Approaches to Valuing Freshwater Mussels
Below, I briefly describe several ways by which the value of freshwater mussels might be calculated, describing the approach, illustrating it with real data (if they exist), and discussing its shortcomings. I will begin with the most obvious approaches, and will roughly follow the categories of values of Goulder and Kennedy (1997) from economics.
Market values and other direct-use values.—Probably the first thing that most people think of when they think of value is market value—how much can I sell freshwater mussels for? Unlike most other freshwater invertebrates, mussels sometimes have substantial direct market value, as a source of nacre and pearls (Kunz 1898; Claassen 1994; Anthony and Downing 2001; Haag 2012). These fisheries have been very valuable in various parts of the world, but I have been able to find good data only on the fishery in the USA. Between 1897 and 1963, when there was an active fishery in many rivers for nacre for buttons, the total value of buttons was about $6 billion (2017 dollars) (Fig. 1). I have not seen good figures on the value of the freshwater pearl fisheries in the USA, but according to Claassen (1994), they were about half as valuable as buttons during the years of the button fishery. However, the commercial pearl fishery extended over a longer time span than the button fishery, beginning in 1857 or earlier (Kunz 1898). It therefore seems reasonable to estimate that the total value of the fishery (buttons plus pearls) from 1857 to 1963 was in the neighborhood of $10 billion in today's dollars.
Modem fisheries are much smaller but still valuable. In Tennessee, which accounts for about 75% of the value of modem mussel fisheries in the USA (Olson 2007), the wholesale value of mussel fisheries has been in the range of a few million dollars per year, although highly variable depending on prices that year (Fig. 2). Estimated export value of the shell is three to five times higher than the wholesale price (Hubbs 2009). Most of this harvest comes from a single reservoir (Kentucky Lake).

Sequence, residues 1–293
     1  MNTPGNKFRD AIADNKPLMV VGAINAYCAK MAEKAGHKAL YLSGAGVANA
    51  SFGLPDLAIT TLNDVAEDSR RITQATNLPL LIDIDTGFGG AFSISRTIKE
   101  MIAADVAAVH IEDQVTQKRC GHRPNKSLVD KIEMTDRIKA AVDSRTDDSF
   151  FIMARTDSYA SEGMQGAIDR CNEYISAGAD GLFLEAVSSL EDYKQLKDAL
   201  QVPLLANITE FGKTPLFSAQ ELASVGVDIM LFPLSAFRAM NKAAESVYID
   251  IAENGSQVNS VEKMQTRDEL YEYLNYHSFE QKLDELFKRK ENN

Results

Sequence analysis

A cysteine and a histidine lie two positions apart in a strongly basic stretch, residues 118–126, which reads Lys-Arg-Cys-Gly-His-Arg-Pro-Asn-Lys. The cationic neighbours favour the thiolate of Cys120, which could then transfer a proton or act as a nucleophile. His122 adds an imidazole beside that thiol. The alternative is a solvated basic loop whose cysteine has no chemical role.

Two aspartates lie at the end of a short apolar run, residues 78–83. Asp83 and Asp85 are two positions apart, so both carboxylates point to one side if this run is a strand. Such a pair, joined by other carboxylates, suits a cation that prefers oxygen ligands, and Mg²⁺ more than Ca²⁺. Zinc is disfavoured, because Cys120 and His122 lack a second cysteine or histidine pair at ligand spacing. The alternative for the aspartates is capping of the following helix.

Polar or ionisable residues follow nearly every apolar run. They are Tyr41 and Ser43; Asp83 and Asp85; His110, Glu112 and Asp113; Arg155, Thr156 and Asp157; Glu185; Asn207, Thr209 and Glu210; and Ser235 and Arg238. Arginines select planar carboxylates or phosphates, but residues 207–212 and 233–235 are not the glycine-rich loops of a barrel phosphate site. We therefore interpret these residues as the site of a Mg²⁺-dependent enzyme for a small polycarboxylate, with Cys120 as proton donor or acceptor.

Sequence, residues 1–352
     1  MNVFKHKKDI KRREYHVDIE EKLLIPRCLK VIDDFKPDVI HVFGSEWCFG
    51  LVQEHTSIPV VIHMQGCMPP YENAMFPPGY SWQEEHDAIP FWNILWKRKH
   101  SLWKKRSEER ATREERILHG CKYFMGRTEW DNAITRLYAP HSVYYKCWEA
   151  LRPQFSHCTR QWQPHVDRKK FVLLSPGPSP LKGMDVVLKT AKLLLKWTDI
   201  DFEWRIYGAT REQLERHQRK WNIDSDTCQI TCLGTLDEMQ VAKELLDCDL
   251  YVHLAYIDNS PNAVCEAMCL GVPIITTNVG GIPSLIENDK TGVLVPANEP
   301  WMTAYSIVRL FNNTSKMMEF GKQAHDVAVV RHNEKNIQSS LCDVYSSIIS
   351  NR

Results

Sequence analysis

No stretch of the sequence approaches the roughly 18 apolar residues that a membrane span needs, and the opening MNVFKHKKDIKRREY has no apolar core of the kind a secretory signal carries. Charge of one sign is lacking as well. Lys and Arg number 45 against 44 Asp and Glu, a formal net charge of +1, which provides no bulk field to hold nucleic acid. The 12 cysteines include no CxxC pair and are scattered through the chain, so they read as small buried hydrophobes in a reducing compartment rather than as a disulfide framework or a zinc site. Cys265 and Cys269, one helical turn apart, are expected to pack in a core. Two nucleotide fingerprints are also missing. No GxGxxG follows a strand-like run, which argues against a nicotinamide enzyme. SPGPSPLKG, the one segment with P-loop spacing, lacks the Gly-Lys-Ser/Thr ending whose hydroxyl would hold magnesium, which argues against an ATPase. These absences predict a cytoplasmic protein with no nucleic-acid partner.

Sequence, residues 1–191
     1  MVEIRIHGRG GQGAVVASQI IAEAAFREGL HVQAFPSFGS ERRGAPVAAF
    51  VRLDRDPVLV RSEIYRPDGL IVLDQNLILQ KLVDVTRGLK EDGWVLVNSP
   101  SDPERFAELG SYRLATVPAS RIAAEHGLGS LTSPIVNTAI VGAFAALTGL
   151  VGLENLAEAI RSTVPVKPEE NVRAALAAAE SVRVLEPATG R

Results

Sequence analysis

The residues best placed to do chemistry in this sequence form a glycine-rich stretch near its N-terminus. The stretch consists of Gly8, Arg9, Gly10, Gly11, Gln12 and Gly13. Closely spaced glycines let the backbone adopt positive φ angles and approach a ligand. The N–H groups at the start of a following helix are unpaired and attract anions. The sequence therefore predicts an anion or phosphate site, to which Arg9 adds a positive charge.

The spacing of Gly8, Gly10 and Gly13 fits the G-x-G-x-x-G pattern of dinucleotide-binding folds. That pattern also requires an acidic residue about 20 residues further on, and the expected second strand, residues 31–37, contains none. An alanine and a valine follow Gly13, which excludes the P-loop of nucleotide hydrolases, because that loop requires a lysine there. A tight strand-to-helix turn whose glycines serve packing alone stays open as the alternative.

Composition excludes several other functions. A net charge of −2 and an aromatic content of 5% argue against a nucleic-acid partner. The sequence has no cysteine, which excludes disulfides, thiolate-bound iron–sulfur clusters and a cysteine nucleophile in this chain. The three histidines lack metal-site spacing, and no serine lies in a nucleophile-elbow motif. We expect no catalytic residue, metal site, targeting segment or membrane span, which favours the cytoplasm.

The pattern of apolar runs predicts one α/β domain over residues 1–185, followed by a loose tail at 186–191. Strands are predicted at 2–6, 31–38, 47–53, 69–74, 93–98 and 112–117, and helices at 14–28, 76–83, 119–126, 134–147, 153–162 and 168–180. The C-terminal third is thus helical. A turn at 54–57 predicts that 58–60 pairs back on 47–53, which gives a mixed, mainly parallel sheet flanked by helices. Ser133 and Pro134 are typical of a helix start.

One particular aspect of market pricing that can work against preservation of natural resources is the common use of discount rates to estimate the net present value of a resource in deciding whether to consume it or preserve it. The idea behind using a discount rate is that, in a growing economy, a dollar today is worth more than a dollar tomorrow. In practice, planners have often used discount rates of 3–7%/yr (Arrow et al. 2013), which gives low value to benefits or costs that occur in the future, and almost no value to the distant future. In this worldview, it could have been economically sensible to harvest all of the mussels in the early 20th century, leaving none for the future. However, Arrow et al. (2013) made a compelling argument that uncertainty about future discount rates, declining population growth, and other factors should compel us to use declining discount rates, or at least use constant rates far lower than 3–7%, especially if we are considering long time horizons (> 10 yr). Either of these solutions would give much higher value to future benefits and costs, and tend to favor the preservation of natural resources rather than their immediate consumption or destruction.